Even though they don’t physically hurt me, I feel my autonomy and well-being threatened because there’s only one of me and an endless supply of them. I don’t know whether the “nice” ones have the same intent as the rude ones. It’s suffocating. I want to make it stop but it doesn’t and I can only take 20 minutes of this. It doesn’t make me feel empowered, or sexy, or in control. It’s all just a reminder. I’m a trapped animal. Am I even talking about the game anymore?
Now, say I am talking about the game. Normally I’d provide my analysis backed up with all sorts of links and citations and quotes to support my arguments. But here I feel like the substance of my own experience in everyday life ought to be enough to underpin my feelings about Hey Baby. I mean, it ought to be, but it’s not.
What usually happens when I present my experience is something to the tune of scorn over my obvious vanity. How hot I must think I am if I think I’m getting so much attention. How I must be lying or overstating things. How I should be grateful. How much of a narcissist I must be.
And how can I be so cold to men who are just being nice, just complimenting me? And how can I expect men not to ogle me or proposition me when I dare to expose any skin or put on makeup? And how can I mistrust men or judge men and this is why men are intimidated around women. Because we’re such cold and unapproachable cockteases.
I mistrust men because I’m stuck-up and irrational. My experiences are imagined or overstated. I’m doing this for attention and sympathy, because you know, I’m so vain.
The unequivocal truth of fatal bullet wounds does not spring anybody to attention in Hey Baby. They deter no one. They clue no one into my character’s feelings. They don’t signal to anyone—harasser or not—that there’s a problem. I am a silent protagonist. I am an invisible protagonist. There are lots of people here to hear me fall but I don’t make a sound.
So I can’t just rely on the authority of my own experiences. Kieron Gillen incisively articulated exactly my feelings back in 2010:
“The game’s rubbish, of course. But the one thing it does well is show how what you may think is an innocuous compliment feels in the context of a woman’s life. You approaching a woman in the street and being what you think is politely flirty is a different thing when, down the street, someone’s suggested that maybe you’d like to suck my dick and you’re a fucking bitch if you don’t.”
From her perspective, it’s a culture of harassment she has to either politely deal with or ignore.
From your perspective, you’re just showing how you feel.”
He’s right: the game, from a technical standpoint, isn’t fabulous. It’s buggy and unpolished and—again, he’s right—it rings conceptually with all the same levels of sophistication and intellect as Postal, with all the same polish as a dead enemy that won’t despawn. A “premium” version of the game is available for purchase, for which the site offers,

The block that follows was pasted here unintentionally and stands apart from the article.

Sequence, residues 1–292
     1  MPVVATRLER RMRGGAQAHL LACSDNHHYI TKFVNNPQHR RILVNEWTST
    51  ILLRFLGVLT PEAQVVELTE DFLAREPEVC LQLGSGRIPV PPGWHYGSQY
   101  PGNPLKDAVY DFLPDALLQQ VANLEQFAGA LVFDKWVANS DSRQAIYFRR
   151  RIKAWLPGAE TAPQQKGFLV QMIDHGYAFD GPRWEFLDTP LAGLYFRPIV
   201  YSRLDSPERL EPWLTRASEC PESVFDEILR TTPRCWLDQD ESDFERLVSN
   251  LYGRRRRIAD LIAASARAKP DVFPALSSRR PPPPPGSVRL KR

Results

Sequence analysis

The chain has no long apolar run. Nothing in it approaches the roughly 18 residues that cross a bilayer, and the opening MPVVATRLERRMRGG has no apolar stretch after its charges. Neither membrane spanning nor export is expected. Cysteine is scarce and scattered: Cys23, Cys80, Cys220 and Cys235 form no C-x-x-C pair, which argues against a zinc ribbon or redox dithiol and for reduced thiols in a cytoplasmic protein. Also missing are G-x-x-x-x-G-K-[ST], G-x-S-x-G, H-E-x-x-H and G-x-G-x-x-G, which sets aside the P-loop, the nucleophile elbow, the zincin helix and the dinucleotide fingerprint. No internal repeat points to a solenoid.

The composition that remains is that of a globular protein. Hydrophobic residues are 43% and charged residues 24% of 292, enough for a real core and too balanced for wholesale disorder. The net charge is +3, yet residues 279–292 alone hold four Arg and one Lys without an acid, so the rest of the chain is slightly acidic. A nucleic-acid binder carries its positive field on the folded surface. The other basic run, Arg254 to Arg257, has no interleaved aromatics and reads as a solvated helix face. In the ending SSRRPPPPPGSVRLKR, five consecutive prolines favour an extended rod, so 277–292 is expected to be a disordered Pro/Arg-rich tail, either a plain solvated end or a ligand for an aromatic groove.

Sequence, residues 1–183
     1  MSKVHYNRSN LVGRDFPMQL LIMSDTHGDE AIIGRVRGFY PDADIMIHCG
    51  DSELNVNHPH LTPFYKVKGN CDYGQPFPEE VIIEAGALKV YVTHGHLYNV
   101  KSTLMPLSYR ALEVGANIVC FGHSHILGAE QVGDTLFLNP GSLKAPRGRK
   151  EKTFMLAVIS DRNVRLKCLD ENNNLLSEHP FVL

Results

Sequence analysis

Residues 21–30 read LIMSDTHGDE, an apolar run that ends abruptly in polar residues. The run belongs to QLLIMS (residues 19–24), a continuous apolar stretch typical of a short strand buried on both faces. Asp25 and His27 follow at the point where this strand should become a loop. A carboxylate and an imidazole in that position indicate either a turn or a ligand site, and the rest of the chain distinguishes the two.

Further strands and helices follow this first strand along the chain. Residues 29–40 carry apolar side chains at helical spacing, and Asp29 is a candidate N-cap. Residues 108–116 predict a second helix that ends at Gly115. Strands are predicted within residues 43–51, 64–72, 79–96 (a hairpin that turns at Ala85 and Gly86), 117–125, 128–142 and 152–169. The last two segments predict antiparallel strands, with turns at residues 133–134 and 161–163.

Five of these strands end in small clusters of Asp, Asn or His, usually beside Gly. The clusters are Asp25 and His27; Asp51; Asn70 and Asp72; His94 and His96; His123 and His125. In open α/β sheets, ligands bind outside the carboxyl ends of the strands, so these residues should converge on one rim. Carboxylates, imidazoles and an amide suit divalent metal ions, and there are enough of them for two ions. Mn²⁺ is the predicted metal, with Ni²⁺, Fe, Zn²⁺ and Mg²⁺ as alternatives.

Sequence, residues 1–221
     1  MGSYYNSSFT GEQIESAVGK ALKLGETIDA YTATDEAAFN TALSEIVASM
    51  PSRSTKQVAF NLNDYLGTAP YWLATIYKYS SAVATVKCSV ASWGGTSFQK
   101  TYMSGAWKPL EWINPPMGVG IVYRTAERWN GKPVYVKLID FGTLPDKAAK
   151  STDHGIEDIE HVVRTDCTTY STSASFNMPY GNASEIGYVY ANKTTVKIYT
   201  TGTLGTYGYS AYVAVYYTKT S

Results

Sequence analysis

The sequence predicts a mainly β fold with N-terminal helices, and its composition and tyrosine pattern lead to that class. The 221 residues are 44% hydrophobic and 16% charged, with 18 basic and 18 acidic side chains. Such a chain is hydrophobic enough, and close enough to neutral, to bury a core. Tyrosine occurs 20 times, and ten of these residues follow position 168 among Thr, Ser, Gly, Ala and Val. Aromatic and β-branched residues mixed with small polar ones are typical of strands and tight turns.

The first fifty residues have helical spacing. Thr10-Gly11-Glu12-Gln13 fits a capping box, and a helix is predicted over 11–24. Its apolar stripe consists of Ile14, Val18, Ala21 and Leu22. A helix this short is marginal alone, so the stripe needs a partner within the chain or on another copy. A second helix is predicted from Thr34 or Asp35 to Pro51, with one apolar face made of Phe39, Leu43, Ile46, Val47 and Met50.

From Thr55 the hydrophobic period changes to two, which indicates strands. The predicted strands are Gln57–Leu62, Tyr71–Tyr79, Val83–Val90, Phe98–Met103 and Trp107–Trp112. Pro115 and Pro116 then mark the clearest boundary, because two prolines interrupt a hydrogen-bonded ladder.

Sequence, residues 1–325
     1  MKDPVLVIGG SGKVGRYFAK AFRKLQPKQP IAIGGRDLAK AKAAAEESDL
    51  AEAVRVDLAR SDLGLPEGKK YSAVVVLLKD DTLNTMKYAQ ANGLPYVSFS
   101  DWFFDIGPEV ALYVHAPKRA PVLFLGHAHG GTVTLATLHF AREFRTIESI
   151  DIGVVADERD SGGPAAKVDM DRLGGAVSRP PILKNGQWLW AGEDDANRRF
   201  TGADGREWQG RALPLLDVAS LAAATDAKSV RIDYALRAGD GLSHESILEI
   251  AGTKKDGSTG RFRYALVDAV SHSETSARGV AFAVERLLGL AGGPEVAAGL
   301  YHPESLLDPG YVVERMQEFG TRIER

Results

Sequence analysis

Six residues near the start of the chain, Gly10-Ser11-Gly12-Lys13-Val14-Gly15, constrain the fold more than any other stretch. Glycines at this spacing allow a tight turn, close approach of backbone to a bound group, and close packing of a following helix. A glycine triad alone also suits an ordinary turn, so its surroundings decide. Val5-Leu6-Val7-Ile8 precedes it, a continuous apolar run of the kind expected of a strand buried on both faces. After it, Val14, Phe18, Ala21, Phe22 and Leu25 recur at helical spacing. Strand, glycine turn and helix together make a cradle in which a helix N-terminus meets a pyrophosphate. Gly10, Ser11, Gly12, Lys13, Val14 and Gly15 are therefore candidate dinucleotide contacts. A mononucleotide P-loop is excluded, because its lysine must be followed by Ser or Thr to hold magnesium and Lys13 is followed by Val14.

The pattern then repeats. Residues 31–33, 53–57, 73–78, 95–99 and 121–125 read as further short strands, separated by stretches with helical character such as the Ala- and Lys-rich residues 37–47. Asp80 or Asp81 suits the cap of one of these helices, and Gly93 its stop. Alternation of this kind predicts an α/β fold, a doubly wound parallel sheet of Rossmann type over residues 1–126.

- Cool advanced technology allows you to get up close.
- Unique over-the-top gameplay.
- High body count.
- Crazy action! More enemies! More blood!
All of the above could be read as tongue-in-cheek or as perfectly earnest; I don’t know. But the only reason I care about the technical aspects of the game at all is because I don’t know if the design of the game is subversively screaming with all the feelings of entrapment that it evokes in me, or if it’s just screaming. But Hey Baby, with or without sophistication, symbolizes the realization of a perpetual, pervasive exasperation. What I wear; where I go; how I act; if I dare to flirt; if I walk down that alley; if I fight back I’m an uptight bitch; if I don’t then it’s my fault for standing up for myself; and they just keep coming; and they just keep coming; and I don’t know who to trust; and I don’t know what he expects; then I’ve asked for it; then I’m exaggerating; then I’m lying; then maybe I should just hide myself away because that way they won’t see me.
I can say without looking at the stats that this happens or has happened to just about every single woman you know, at some point. I’ve shared the stories. More women are coming forward. Electronic artist Claire Boucher, spoke about her experiences with sexism and harassment recently, posting on Tumblr:
“I don’t want to be molested at shows or on the street by people who perceive me as an object that exists for their personal satisfaction. I don’t want to live in a world where I’m gonna have to start employing body guards because this kind of behavior is so commonplace and accepted and I’m pissed that when I express concern over my own safety it’s often ignored until people see firsthand what happens and then they apologize for not taking me seriously after the fact…”
Boucher shouldn’t need bodyguards.
The woman in Hey Baby shouldn’t need a gun.
I shouldn’t need Gillen’s help for this.
The men on the street. The men in their cars. The men on the internet. The men on OKCupid. The men who think an occasion to look is an invitation to proposition, holler at, stalk, touch. The ones that kettled me, trapping me while I was on the metro, one sitting next to me and one standing in front of me—and they also seemed genuinely offended that I wouldn’t follow them to the bus stop. They’re the men who make me palpitate in a fit of anxiety when another man looks at me the wrong way the next time I’m riding the metro. They make it hard to know what “God bless you” actually means.
I don’t hate you. I don’t want to fear you. I don’t want to shoot you. But I don’t feel like a survivor, or a winner, or an overcomer, because it doesn’t ever stop. The fear and the threat are always there to control me and to shame me and to turn me into a zoo of body-image complexes and a compromised sense of agency and a corrupted desire for external validation.
People made Hey Baby because this frustration resonates with them, but I don’t believe it’s about catharsis. I think Hey Baby is about futility. I think it’s about intimidation and rage and frustration and the impossibility of relief, of escape.
If you are a man, I don’t believe you are a mindless zombie unable to overcome your own programming. I think you are capable of having your reason and compassion appealed to. I don’t despise you or begrudge you universally but unless you give me a good reason to disarm myself, to disabuse myself of my fear, I will always have my finger on the trigger.